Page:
His life and how those of His day felt
threatened and killed Him. But it is
more than just this; Jesus had a message
of hope and that message was a pointed
one. In their threatened status they
determined the only way to effectively
handle Him was to destroy Him. This they
did, or so they thought.
Second, we learn from the account of
Felix what to expect in response. One of
the great frustrations of preaching the
Gospel is the response people give to
the message. All children of God are to
preach the Gospel. Many become
"shell-shocked" because they are refused
by those they speak to. This refusal
comes in varying degrees. For some it is
an intense refusal, and for others, less
so. Felix told Paul to "go away." That
is rather short and to the point. Paul
had no choice but to obey the
order/command. But it was not left at
just that. It was not, "Go away and come
back no more." But it was "Go away for
now and when I have a convenient time,
I'll call for you then."
This is how most people respond to the
message of God. They can see the value
of it, and they would like to embrace
it, but there is something that stops
them. What is it? There is a simpler
answer than that which I am about to
offer, but what I want to consider is
directly connected to the simple answer.
First, people think they have more time.
There is "time enough" to obey at a
later date. We get up each day, work,
turn in for the evening, and start the
cycle all over again. We have done this
so much that we think it will occur
again tomorrow. Second, people will
often say to themselves, "Look. I am not
that bad." This justifies the delay to
change. There is a part of them that
recognizes the need to change, but there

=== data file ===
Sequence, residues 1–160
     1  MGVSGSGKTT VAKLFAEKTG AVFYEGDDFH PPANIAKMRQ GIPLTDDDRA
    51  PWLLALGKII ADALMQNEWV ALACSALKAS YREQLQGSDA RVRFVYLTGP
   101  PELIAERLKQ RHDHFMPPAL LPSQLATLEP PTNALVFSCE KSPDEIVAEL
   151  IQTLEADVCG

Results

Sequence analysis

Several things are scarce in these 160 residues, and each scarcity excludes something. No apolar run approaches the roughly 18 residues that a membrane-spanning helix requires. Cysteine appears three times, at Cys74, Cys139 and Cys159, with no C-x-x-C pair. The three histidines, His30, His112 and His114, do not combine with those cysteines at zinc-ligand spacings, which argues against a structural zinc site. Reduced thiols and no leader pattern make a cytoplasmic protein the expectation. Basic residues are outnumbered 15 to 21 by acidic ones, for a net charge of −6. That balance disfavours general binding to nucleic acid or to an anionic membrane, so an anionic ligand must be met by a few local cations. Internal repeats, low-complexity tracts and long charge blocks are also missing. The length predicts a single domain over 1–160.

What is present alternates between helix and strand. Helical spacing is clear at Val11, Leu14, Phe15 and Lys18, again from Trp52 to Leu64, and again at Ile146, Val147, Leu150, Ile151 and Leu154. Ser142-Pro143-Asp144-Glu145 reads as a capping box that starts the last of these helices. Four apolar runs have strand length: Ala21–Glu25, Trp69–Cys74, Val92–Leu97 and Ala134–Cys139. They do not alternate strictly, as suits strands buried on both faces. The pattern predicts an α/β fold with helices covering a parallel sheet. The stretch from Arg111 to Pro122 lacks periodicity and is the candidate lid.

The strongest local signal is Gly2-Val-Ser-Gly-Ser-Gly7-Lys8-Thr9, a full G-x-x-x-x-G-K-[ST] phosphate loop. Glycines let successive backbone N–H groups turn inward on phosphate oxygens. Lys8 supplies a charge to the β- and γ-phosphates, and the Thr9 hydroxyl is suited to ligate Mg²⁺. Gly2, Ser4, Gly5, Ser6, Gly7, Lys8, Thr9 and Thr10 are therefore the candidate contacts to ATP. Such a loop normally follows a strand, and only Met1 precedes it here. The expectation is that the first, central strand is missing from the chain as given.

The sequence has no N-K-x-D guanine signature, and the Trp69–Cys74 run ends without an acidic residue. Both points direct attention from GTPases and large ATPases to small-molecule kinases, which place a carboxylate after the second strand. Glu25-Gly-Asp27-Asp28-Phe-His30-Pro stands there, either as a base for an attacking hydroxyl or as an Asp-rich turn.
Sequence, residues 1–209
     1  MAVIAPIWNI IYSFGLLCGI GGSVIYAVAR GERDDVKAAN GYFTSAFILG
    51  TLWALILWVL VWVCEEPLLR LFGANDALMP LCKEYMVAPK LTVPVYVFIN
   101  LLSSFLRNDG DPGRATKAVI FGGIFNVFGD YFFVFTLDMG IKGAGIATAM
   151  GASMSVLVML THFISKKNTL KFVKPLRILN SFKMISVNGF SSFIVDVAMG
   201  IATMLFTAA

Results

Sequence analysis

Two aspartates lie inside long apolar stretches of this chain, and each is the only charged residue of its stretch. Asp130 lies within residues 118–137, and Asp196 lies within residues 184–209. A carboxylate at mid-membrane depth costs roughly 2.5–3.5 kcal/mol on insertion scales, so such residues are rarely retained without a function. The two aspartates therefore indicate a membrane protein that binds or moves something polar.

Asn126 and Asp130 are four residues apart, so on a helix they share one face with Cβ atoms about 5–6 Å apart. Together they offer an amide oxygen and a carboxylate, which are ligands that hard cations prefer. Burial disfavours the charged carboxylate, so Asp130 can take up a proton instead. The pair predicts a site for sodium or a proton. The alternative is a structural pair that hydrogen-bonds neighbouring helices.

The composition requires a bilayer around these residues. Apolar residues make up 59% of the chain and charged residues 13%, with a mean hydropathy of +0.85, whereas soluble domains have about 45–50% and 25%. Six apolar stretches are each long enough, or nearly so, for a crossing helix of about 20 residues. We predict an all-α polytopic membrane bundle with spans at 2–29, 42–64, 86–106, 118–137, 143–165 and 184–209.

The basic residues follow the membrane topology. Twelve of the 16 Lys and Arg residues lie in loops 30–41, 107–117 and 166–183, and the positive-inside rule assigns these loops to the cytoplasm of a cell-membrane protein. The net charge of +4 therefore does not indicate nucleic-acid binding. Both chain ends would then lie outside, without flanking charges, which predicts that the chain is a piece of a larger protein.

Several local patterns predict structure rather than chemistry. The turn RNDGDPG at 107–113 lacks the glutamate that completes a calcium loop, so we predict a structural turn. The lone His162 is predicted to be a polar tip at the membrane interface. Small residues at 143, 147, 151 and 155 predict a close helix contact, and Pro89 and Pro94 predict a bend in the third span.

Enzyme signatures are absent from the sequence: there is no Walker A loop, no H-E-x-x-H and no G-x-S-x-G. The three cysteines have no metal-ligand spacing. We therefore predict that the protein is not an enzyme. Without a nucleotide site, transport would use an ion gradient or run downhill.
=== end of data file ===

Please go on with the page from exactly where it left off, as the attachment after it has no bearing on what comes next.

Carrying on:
is another part of them that just does
not want to.
Both these reasons are built upon the
simple response of "I just do not want
to obey. God, I love you, but not that
much!" The Scriptures teach that there
is a way that seems right to man, but
ends up in death (Proverbs 14:12).
We can learn much from the interaction
between Felix and Paul. What Felix did
is what people do today.
Ron Thomas preaches for the Highway
Church of Christ in Sullivan, Illinois.
goodies this issue
David A Sargent
A man performing genealogical
studies had occasion to visit several
cemeteries and read the inscriptions
found on tombstones. He saw a
tombstone on which was engraved:
Pause now, stranger, as you pass by;
As you are now, so once was I.
As I am now, so soon you'll be.
Prepare yourself to follow me!
Someone had placed a piece of wood next
to the tombstone. On it was
To follow you I'm not content,
Until I know which way you went!
There are many voices today - all
proclaiming, "THIS is the way" or "THAT
is the way" we should go. But the
"WAY" to life is NOT a DIRECTION. The
"WAY" to life is a PERSON! The
"WAY" to life is NOT a RELIGION but
rather a RELATIONSHIP.
Jesus said, "I AM the "WAY", the truth,
and the life. No one comes to the Father
except through Me" (John 14:6).
Jesus also said, "Enter by the narrow
gate; for wide is the gate and broad is
the way that leads to destruction, and
there are MANY who go in by it.
Because narrow is the gate and difficult
is the way which leads to life, and
there are FEW who find it" (Matthew
We "enter through the gate"- through our
obedience to the Gospel ("Good News")
believing in Jesus (Acts 16:31),
repenting of our sins (Acts 17:30-31),
confessing Him before men (Romans